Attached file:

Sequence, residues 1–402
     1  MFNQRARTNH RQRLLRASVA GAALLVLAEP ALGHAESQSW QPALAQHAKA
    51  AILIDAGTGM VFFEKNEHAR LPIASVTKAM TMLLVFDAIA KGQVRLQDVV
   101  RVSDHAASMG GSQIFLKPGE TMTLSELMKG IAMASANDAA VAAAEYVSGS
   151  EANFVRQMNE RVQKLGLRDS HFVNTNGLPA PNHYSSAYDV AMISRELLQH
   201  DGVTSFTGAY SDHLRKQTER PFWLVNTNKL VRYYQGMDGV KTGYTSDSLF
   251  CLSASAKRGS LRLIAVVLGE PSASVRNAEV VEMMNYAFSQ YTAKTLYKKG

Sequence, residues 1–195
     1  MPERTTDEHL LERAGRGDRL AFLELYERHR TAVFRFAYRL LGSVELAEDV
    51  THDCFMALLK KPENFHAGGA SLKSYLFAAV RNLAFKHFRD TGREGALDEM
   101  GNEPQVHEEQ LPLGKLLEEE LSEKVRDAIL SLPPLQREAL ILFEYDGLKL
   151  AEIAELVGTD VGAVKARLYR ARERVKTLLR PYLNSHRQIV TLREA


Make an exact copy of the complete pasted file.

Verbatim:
Sequence, residues 1–402
     1  MFNQRARTNH RQRLLRASVA GAALLVLAEP ALGHAESQSW QPALAQHAKA
    51  AILIDAGTGM VFFEKNEHAR LPIASVTKAM TMLLVFDAIA KGQVRLQDVV
   101  RVSDHAASMG GSQIFLKPGE TMTLSELMKG IAMASANDAA VAAAEYVSGS
   151  EANFVRQMNE RVQKLGLRDS HFVNTNGLPA PNHYSSAYDV AMISRELLQH
   201  DGVTSFTGAY SDHLRKQTER PFWLVNTNKL VRYYQGMDGV KTGYTSDSLF
   251  CLSASAKRGS LRLIAVVLGE PSASVRNAEV VEMMNYAFSQ YTAKTLYKKG

Sequence, residues 1–195
     1  MPERTTDEHL LERAGRGDRL AFLELYERHR TAVFRFAYRL LGSVELAEDV
    51  THDCFMALLK KPENFHAGGA SLKSYLFAAV RNLAFKHFRD TGREGALDEM
   101  GNEPQVHEEQ LPLGKLLEEE LSEKVRDAIL SLPPLQREAL ILFEYDGLKL
   151  AEIAELVGTD VGAVKARLYR ARERVKTLLR PYLNSHRQIV TLREA